McGahn's lawyer pushes back after Giuliani knocks his credibility

An attorney for former White House counsel Don McGahn is pushing back after President Trump's lawyer Rudy Giuliani went after McGahn's credibility following the release of special counsel Robert MuellerRobert (Bob) Swan MuellerKamala Harris says her Justice Dept would have 'no choice' but to prosecute Trump for obstruction Kamala Harris says her Justice Dept would have 'no choice' but to prosecute Trump for obstruction Dem committees win new powers to investigate Trump MORE’s report.

McGahn's lawyer responded after Giuliani gave interviews to The New York Times and The Washington Post in which he went after McGahn's account of various instances of potential obstruction of justice detailed in the special counsel report.

“It’s a mystery why Rudy GiulianiRudy GiulianiPelosi hasn't returned calls to Facebook's Zuckerberg after edited video controversy: report Pelosi hasn't returned calls to Facebook's Zuckerberg after edited video controversy: report Giuliani evokes Joseph McCarthy in criticism of Pelosi MORE feels the need to re-litigate incidents the Attorney General and Deputy Attorney General have concluded were not obstruction. But they are accurately described in the report,” McGahn's attorney William Burck said in a statement to The Hill.

“Don, nonetheless, appreciates that the President gave him the opportunity to serve as White House Counsel and assist him with his signature accomplishments,” he added.

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Attorney General William BarrWilliam Pelham BarrTrump's Justice Department should change its tune on antitrust policy Schiff blasts DOJ over memo on withholding Trump tax returns Trump remarks deepen distrust with intelligence community MORE released Mueller’s report on Thursday, revealing that the special counsel found no evidence of coordination between Trump campaign officials and Russia in 2016. Mueller also stated that his report neither implicated nor exonerated Trump on the question of obstruction of justice, though Barr has declined to pursue such a case based on the probe's findings.

McGahn was featured prominently in Mueller’s conclusions after sitting down for several hours' worth of interviews with the special counsel.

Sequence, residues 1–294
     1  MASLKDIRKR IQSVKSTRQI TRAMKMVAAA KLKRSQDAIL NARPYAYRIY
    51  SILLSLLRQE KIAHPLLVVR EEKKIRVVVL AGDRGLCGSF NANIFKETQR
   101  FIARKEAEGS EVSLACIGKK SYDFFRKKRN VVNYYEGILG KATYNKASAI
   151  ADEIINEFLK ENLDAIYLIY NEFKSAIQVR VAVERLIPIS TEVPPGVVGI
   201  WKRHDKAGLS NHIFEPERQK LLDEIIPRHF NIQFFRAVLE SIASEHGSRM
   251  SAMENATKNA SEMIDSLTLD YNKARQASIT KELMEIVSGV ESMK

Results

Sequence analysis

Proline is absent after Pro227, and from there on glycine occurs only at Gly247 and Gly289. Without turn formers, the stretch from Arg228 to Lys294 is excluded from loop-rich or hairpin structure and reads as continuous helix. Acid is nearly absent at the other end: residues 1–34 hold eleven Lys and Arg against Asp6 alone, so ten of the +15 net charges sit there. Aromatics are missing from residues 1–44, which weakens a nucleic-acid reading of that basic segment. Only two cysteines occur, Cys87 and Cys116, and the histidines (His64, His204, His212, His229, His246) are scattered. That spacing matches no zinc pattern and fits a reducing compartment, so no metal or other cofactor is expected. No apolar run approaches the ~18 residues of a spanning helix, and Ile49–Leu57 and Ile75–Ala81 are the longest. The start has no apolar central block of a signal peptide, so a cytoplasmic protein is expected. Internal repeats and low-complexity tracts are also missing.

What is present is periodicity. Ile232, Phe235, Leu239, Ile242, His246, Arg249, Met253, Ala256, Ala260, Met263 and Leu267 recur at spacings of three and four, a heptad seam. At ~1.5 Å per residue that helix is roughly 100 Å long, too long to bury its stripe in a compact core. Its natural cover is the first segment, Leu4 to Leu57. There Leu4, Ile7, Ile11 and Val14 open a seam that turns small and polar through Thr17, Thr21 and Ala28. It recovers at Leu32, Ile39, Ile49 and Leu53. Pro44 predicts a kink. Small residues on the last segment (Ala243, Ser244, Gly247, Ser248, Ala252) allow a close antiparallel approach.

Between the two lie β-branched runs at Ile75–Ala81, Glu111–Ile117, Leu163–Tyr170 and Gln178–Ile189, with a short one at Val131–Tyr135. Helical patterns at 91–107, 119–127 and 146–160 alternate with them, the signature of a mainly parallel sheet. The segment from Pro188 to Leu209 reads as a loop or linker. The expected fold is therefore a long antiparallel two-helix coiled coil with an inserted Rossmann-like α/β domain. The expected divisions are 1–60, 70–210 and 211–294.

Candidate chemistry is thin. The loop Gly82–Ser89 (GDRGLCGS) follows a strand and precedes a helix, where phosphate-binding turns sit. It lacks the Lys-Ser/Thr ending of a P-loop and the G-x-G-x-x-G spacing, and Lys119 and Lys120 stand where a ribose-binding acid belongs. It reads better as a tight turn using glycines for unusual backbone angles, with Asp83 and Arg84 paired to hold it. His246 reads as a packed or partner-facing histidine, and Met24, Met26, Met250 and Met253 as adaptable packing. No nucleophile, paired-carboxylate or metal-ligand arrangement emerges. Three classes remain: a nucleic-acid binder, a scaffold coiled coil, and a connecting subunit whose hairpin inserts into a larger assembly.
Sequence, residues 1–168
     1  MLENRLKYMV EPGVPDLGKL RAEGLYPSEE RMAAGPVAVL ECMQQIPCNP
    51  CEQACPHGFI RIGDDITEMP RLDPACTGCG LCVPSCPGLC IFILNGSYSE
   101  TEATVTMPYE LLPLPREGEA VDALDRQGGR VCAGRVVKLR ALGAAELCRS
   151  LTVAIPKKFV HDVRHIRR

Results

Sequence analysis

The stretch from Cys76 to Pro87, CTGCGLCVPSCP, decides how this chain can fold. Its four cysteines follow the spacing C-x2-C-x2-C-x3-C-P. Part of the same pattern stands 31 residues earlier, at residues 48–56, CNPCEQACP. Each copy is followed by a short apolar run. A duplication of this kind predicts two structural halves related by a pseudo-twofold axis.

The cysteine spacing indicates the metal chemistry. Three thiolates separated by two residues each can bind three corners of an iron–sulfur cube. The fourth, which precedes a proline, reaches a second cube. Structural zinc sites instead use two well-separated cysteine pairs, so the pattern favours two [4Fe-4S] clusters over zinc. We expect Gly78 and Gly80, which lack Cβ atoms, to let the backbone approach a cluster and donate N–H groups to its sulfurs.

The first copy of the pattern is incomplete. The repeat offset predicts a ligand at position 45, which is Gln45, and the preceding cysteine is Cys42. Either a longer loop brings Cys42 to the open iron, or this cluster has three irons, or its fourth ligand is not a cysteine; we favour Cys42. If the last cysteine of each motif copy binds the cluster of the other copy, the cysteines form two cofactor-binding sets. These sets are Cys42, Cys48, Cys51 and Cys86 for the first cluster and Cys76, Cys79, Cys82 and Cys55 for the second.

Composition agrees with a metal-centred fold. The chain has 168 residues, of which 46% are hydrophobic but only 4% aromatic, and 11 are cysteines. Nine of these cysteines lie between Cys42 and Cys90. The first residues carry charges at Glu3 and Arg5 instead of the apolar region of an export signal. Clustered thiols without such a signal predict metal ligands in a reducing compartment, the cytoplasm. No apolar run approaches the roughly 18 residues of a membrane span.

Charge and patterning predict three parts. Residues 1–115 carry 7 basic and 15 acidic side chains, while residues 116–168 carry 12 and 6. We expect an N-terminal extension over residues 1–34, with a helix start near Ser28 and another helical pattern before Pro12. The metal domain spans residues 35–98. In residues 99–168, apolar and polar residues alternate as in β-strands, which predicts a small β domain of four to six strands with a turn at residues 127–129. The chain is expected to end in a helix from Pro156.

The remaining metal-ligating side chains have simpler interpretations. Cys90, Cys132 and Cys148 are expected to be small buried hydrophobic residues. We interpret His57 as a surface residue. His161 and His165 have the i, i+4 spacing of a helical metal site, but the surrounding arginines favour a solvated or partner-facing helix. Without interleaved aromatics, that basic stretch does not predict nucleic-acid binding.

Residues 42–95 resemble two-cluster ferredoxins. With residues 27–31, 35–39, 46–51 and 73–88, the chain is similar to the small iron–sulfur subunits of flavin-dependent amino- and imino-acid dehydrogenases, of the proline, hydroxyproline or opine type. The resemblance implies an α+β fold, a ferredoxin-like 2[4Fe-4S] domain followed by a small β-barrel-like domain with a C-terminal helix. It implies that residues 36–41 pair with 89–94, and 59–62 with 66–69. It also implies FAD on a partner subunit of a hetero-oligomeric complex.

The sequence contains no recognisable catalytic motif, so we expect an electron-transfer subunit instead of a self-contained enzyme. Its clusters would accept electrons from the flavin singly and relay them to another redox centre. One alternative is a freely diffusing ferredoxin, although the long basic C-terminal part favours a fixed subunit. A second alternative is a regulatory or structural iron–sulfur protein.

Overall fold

The report said that McGahn refused repeated requests from Trump during the probe to deny that the president had asked McGahn to fire Mueller.

“If McGahn thought any of those things were crimes, why did he stay there?” Giuliani asked Friday during an interview with The Washington Post. “They’re trying to make it out as if there’s something illegal about what happened with McGahn. The guy is a very good lawyer.”

“If he believed that there was something illegal, he wouldn’t have stayed in his job,” he added.

Giuliani also went after McGahn's account to Mueller in an interview with The New York Times.

“It can’t be taken at face value,” Giuliani told the newspaper. “It could be the product of an inaccurate recollection or could be the product of something else.”

Reports initially emerged last year that the president had ordered McGahn to remove Mueller and that McGahn threatened to resign rather than carry out the directives.

“Each time he was approached, McGahn responded that he would not refute the press accounts because they were accurate in reporting on the President’s efforts to have the Special Counsel removed,” Mueller wrote in his report.

McGahn served as White House counsel starting at the beginning of Trump's presidency in early 2017 until last fall, when he left the administration following the successful confirmation of Supreme Court Justice Brett KavanaughBrett Michael KavanaughTrump throws support behind 'no brainer' measure to ban burning of American flag Trump throws support behind 'no brainer' measure to ban burning of American flag Disclosure forms offer glimpse into Supreme Court's finances MORE.